Ranibizumab Implant Continues to Impress for Neovascular AMD

Ranibizumab Implant Continues to Impress for Neovascular AMD

July 30, 2022 0 By Jennifer Walker

The ranibizumab port delivery system (PDS; Susvimo) was noninferior to monthly ranibizumab (Lucentis) and provided comparable vision and controlled retinal thickness through 96 weeks in patients with neovascular age-related macular degeneration (AMD), according to research presented at the American Society of Retina Specialists (ASRS) meeting.

In this exclusive video, study author Aleksandra Rachitskaya, MD, of the Cole Eye Institute of the Cleveland Clinic, discusses the end-of-study updated data from the phase III ARCHWAY trial.

The following is a transcript of her remarks:

It’s such a pleasure to talk today about the presentation that we delivered at the ASRS Retina Meeting in New York. This presentation focused on particular analysis of the ARCHWAY study, a pivotal phase III trial that compared monthly ranibizumab to Port Delivery System. Port Delivery System is implanted surgically, and then is refilled every 24 weeks on schedule.

And it’s been shown before and we’ve presented it before that Port Delivery System was shown to be non-inferior and equivalent to monthly ranibizumab at the primary endpoint. And also we’ve presented the end-of-study results, and it was once again shown to be non-inferior to monthly ranibizumab in terms of change in best corrected visual acuity.

So this study, the way it’s different is we were interested in looking at what happens with the fluid in these patients. As we know, we look at macular degeneration patients and we obtain OCT [optical coherence tomography] at every visit. So this study really wanted to focus on the fluid.

So the way the fluid was assessed, patients at each visit obtained OCT. And so initial grading was whether there was any fluid at all. And then if the fluid was present, then it was looked if in the center one millimeter, we had any intraretinal or subretinal fluid.

Now just to remind everybody, in this trial patients, before they were randomized, they were already treated with on average five anti-VEGF injections. So in the beginning of the trial about 40 to 50% of patients had some intraretinal or subretinal fluid, which makes sense because they have been pretreated. And when we look at the end of the trial, in both arms the number stayed very similar — about 55 or so percent of patients had intraretinal or subretinal fluid on the OCT scans.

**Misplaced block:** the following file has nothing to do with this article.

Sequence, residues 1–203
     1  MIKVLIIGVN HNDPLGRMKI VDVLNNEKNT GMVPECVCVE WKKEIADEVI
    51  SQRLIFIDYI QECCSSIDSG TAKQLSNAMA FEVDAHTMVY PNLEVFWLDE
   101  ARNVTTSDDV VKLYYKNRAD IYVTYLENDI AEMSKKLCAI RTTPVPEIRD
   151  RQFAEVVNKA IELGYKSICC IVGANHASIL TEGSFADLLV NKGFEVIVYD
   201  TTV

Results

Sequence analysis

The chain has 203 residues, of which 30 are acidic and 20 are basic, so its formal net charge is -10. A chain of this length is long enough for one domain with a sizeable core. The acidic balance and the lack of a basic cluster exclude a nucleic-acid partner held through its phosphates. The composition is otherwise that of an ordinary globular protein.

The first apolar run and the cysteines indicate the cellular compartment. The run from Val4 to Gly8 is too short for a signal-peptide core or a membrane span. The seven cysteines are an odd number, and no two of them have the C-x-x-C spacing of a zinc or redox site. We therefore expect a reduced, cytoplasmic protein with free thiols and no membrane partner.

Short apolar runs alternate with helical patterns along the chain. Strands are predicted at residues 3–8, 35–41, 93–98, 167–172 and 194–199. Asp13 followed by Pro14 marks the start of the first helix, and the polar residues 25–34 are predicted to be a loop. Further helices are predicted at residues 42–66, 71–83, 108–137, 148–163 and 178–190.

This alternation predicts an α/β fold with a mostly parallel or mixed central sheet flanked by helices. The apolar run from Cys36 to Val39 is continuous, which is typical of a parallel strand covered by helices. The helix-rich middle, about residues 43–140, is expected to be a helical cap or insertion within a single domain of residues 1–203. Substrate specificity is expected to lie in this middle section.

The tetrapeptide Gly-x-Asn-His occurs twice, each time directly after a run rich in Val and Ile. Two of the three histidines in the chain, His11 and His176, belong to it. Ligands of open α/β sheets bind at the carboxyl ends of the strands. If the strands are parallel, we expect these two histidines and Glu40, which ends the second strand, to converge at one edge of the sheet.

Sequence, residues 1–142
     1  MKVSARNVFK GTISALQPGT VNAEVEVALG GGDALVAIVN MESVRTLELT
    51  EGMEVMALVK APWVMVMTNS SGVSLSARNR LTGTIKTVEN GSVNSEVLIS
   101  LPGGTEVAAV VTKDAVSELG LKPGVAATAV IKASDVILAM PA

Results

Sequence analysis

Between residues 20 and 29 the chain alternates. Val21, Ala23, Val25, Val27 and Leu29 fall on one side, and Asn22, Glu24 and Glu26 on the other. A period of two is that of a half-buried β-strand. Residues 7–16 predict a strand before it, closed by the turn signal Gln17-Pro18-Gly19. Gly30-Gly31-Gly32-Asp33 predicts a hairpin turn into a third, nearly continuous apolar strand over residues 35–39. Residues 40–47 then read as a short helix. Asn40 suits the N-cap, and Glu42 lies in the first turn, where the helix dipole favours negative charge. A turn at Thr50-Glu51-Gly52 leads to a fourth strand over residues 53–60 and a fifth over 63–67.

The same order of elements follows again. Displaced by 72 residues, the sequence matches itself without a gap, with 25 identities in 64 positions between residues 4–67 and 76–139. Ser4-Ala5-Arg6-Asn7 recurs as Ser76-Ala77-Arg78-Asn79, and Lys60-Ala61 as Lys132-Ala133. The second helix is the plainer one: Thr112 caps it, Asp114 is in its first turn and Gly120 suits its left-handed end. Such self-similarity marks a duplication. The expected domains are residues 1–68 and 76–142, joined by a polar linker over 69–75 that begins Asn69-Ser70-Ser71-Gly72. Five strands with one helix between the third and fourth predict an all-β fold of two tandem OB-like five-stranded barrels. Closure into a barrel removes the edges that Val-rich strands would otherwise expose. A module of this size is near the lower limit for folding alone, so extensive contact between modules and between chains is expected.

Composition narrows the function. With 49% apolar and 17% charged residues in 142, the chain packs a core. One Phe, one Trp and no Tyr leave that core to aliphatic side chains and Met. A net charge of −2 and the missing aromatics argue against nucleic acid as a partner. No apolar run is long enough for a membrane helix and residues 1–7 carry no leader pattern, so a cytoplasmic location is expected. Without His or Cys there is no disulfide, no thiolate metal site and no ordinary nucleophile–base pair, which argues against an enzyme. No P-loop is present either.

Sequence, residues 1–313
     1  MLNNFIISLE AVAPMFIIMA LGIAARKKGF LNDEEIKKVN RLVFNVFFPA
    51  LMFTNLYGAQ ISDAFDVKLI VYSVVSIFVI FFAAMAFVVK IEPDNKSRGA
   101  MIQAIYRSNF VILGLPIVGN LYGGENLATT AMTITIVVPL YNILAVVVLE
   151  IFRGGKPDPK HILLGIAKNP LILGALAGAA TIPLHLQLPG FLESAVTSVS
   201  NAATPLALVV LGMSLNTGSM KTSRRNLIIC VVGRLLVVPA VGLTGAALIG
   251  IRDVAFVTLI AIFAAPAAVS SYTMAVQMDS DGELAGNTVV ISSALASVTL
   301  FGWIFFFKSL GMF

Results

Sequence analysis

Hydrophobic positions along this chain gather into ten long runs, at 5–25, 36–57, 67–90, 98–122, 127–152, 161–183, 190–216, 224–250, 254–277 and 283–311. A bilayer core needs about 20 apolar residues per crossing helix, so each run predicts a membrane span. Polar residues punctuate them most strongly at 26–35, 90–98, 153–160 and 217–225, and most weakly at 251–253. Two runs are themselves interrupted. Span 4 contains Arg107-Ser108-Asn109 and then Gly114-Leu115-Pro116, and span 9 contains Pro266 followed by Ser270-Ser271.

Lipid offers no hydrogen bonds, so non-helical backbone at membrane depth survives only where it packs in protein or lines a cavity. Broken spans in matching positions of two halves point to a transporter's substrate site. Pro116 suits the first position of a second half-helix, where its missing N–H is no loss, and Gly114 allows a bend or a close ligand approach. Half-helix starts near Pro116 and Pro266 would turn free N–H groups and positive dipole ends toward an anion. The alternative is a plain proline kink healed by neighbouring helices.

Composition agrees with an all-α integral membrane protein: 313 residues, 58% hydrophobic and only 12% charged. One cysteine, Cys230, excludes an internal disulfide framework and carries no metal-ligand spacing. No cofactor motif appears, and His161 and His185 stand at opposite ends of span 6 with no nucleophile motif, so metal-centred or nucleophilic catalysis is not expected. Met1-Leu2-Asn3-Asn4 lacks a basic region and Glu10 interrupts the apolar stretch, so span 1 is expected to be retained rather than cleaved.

When we look at visual acuity, the visual acuity was, as we know, very good in these patients and the overall presence of intraretinal subretinal fluid didn’t affect visual acuity. Now we took a more closer look and wanted to look at the center one millimeter, and what happens at the center one millimeter.

So we looked at the number of patients who had any subretinal fluid first in the center one millimeter. And the number of those patients was pretty small — about 30% in each arm. And when we look at each arm, so monthly ranibizumab versus Port Delivery System, we saw that patients who had subretinal fluid — there was really no difference in their visual acuities, and they had good visual acuity.

Now, when we looked at the center one millimeters and we looked at the intraretinal fluid, we saw that patients who had intraretinal fluid — and I have to preface, it’s even smaller numbers. It’s only 15%, which is good, right, that only 15% of patients have fluid. So we are looking at small numbers. But what we saw that patients who had intraretinal fluid in the center one millimeter had worse visual acuity. And we noticed also that when there was intraretinal fluid present in the center one millimeter, there was a trend for better maintenance of vision in the port delivery system compared to ranibizumab group.

So I think when we look at this study big picture, in the ARCHWAY trial we really had good visual acuity. The patients, if they had any subretinal intraretinal fluid, when we compare the two arms they looked very similar in terms of visual acuity. They had good visual acuity. When we looked at one millimeter center subretinal fluid, patients had good visual acuity and there was no difference between the two arms.

And then we saw this signal and once again, the numbers are small, but when it came to intraretinal fluid in the center one millimeter, the PDS arm appeared to maintain vision better than ranibizumab arm.

But in summary, I think we have to pause and think, we really have good visual acuity in both arms and good control of fluid.

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    Greg Laub is the Senior Director of Video and currently leads the video and podcast production teams. Follow